Black headed gulls are getting bolder as the weather gets colder. The first image shows one picking up some Sunday joint remains on the lawn.
Collared dove on the bird table/house. Note remains of snow among the seed.
Ruddy shelduck are occasional visititors to our area but are generally rare coastal birds in the UK. Some, if not all, are descended from escapees from wildfowl collections. In central and east Asia Buddhist communities regard them as sacred because their ruddy (red) plumage matches the monks’ robes.. The male has a thin dark ring separating the paler head from the main body plumage,
A similar bird is the Cape Ruddy Shelduck which originates from South Africa as the name suggests. I have seen one this year at ANR but this example is from June 2019 also at ANR. This is a male which has a grey head while the female (which I have not seen) has an additional white patch around the eye.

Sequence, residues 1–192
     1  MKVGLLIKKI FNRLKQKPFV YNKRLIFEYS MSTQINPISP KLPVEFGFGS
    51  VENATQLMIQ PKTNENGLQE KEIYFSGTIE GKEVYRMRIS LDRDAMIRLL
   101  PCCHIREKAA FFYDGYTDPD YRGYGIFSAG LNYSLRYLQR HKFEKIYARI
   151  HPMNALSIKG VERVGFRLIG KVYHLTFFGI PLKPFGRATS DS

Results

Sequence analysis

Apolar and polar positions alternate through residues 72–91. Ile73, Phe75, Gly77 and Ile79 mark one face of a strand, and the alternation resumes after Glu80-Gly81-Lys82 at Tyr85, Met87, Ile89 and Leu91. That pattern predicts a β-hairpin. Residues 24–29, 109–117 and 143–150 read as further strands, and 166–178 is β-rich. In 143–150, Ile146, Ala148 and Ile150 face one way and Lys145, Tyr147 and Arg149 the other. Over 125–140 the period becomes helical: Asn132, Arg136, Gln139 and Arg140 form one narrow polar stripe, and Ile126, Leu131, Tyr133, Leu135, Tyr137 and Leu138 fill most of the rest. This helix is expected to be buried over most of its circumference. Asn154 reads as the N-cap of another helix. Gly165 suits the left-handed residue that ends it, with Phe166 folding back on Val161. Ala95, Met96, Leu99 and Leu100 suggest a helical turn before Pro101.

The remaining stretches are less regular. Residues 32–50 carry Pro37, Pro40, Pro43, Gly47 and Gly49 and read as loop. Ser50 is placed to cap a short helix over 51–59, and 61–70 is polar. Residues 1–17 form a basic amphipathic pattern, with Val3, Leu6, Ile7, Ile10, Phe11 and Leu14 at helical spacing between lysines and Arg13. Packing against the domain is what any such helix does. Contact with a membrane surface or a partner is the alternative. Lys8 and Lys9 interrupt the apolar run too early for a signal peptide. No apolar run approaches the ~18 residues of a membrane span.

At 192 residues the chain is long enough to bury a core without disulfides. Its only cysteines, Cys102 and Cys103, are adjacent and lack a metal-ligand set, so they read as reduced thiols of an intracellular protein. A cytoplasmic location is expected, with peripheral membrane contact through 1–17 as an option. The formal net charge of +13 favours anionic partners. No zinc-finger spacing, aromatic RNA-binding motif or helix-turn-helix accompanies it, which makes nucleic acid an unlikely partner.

The common shelduck is more strongly marked. The last image is of a juvenile.
Bluetit on the coconut shell and great tit on the apple tree this morning (28th). A male house sparrow on a roof en-route to the shop (me not the bird!)
The garden around lunch time today and a daytime view of the moon against a blue sky a few days ago.
I have another wildlife article published in the Beeston Local News but I have yet to receive my copy. I will refer to it in the next posting. Meanwhile stay safe and warm and do what you can to help the wildlife through this cold spell.